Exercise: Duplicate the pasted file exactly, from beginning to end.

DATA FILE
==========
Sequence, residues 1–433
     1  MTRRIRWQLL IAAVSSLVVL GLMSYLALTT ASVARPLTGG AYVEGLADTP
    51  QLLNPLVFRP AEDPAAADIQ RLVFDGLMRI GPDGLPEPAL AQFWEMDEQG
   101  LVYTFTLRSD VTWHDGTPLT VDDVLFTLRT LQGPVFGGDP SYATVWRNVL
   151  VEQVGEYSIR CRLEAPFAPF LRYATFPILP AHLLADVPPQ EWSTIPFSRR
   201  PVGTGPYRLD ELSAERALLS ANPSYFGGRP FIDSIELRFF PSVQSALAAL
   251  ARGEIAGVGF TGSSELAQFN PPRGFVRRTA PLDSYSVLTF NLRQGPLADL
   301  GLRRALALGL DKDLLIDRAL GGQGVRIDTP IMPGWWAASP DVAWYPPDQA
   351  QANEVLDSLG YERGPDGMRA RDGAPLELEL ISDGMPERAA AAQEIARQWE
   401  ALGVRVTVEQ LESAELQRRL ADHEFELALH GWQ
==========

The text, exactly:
Sequence, residues 1–433
     1  MTRRIRWQLL IAAVSSLVVL GLMSYLALTT ASVARPLTGG AYVEGLADTP
    51  QLLNPLVFRP AEDPAAADIQ RLVFDGLMRI GPDGLPEPAL AQFWEMDEQG
   101  LVYTFTLRSD VTWHDGTPLT VDDVLFTLRT LQGPVFGGDP SYATVWRNVL
   151  VEQVGEYSIR CRLEAPFAPF LRYATFPILP AHLLADVPPQ EWSTIPFSRR
   201  PVGTGPYRLD ELSAERALLS ANPSYFGGRP FIDSIELRFF PSVQSALAAL
   251  ARGEIAGVGF TGSSELAQFN PPRGFVRRTA PLDSYSVLTF NLRQGPLADL
   301  GLRRALALGL DKDLLIDRAL GGQGVRIDTP IMPGWWAASP DVAWYPPDQA
   351  QANEVLDSLG YERGPDGMRA RDGAPLELEL ISDGMPERAA AAQEIARQWE
   401  ALGVRVTVEQ LESAELQRRL ADHEFELALH GWQ